She’s a world-famous actress and a dancing cartoon mouse.
Thanks to Jessica for suggesting Angelina as our Baby Name of the Day.
Angelina has been quite the popular name in recent years. She fits right in with Isabella and Olivia and a host of elaborate, feminine appellations. But there’s more to Angelina than her frilly, elaborate sound.
She’s a cousin to Angela, a diminutive form in the key of Paulina and Carina. Angela comes from the Latin angelus, as in an angel. Angel translates to “messenger” in the original Greek.
Before our era, the name was worn by princess and Serbian Orthodox saint Angelina of Serbia in the 1400s. The name has a long history of use in the east, worn by plenty of Byzantine princesses over the years.
The early nineteenth century gives us suffragette and abolitionist Angelina Grimké, a sharp and thoughtful writer and thinker of her age.
But Angelina has been in the spotlight in recent decades for other reasons, her namesakes less weighty:
- Bob Dylan wrote a song called “Farewell, Angelina,” but Joan Baez is best known for her 1965 recording.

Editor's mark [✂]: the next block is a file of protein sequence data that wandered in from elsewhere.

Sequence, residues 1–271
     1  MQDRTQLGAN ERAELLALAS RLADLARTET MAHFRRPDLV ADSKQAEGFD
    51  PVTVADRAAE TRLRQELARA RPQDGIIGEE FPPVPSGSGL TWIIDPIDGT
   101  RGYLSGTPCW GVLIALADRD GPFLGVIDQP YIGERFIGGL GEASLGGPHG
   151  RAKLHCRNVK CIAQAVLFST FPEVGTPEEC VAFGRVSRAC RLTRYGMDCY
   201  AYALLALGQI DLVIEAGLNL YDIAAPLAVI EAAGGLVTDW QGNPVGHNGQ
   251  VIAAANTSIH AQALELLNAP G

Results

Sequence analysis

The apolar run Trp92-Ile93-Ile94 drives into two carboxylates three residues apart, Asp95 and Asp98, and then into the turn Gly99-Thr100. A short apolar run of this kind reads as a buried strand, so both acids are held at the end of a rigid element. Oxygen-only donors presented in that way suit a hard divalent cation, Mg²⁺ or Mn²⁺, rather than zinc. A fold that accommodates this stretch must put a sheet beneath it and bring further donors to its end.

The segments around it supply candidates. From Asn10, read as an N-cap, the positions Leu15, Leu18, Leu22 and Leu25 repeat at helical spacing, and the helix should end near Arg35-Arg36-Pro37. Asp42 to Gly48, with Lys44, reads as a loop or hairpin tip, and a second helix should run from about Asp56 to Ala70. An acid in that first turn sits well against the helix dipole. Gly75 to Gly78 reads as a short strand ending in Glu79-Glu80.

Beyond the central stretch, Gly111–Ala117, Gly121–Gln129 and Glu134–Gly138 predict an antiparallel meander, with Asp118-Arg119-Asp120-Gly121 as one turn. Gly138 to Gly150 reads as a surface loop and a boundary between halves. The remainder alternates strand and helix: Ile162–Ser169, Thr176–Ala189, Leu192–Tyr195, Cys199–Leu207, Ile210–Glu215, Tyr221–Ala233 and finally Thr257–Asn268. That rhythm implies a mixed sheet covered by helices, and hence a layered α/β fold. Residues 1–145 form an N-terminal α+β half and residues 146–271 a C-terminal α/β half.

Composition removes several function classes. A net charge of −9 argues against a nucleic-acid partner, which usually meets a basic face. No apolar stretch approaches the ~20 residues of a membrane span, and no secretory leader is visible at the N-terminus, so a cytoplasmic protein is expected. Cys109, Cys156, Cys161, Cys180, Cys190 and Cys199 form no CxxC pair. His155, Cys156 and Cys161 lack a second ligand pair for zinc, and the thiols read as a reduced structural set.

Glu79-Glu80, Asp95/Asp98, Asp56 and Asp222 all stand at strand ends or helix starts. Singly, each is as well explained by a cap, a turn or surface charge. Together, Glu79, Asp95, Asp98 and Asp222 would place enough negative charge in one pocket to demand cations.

- Katharine Holabird’s delicate dancing mouse made her debut in 1983, in a children’s book. The book became a series, and the series inspired a television adaptation.
- Actress Angelina Jolie rose to prominence in the 1990s, and has delighted name nerds everywhere with the process of naming six children with her partner, Brad Pitt.
- Short-lived reality star Angelina Pivarnick left the Jersey Shore cast after Season Two.
- She’s a recurring minor character in the Harry Potter ‘verse, a skilled Quidditch player.
She’s never left the US Top 1000, and she’s very popular in recent years. She’s been big in the Ukraine and Armenia, too.
Angelina peaked at #43 in 2005. By 2011, Angelina left the top 100, ranking #104. If she was boosted by Ms. Jolie’s career, perhaps today parents hesitate that the actress is so very famous that the name is tough to wear for a child.
Despite Angelina’s recent slide, she’s still more popular than the original Angela, as well the French Angeline and the Rugrats’ Angelica.
If elaborate feminine appellations are your style, then Angelina could be the ideal choice. She seems less common that she’s actually been in recent years. Lina makes for a great short form. At first glance, she’s a frilly and overly feminine concoction. But layer on her history, and Angelina is a surprisingly strong choice.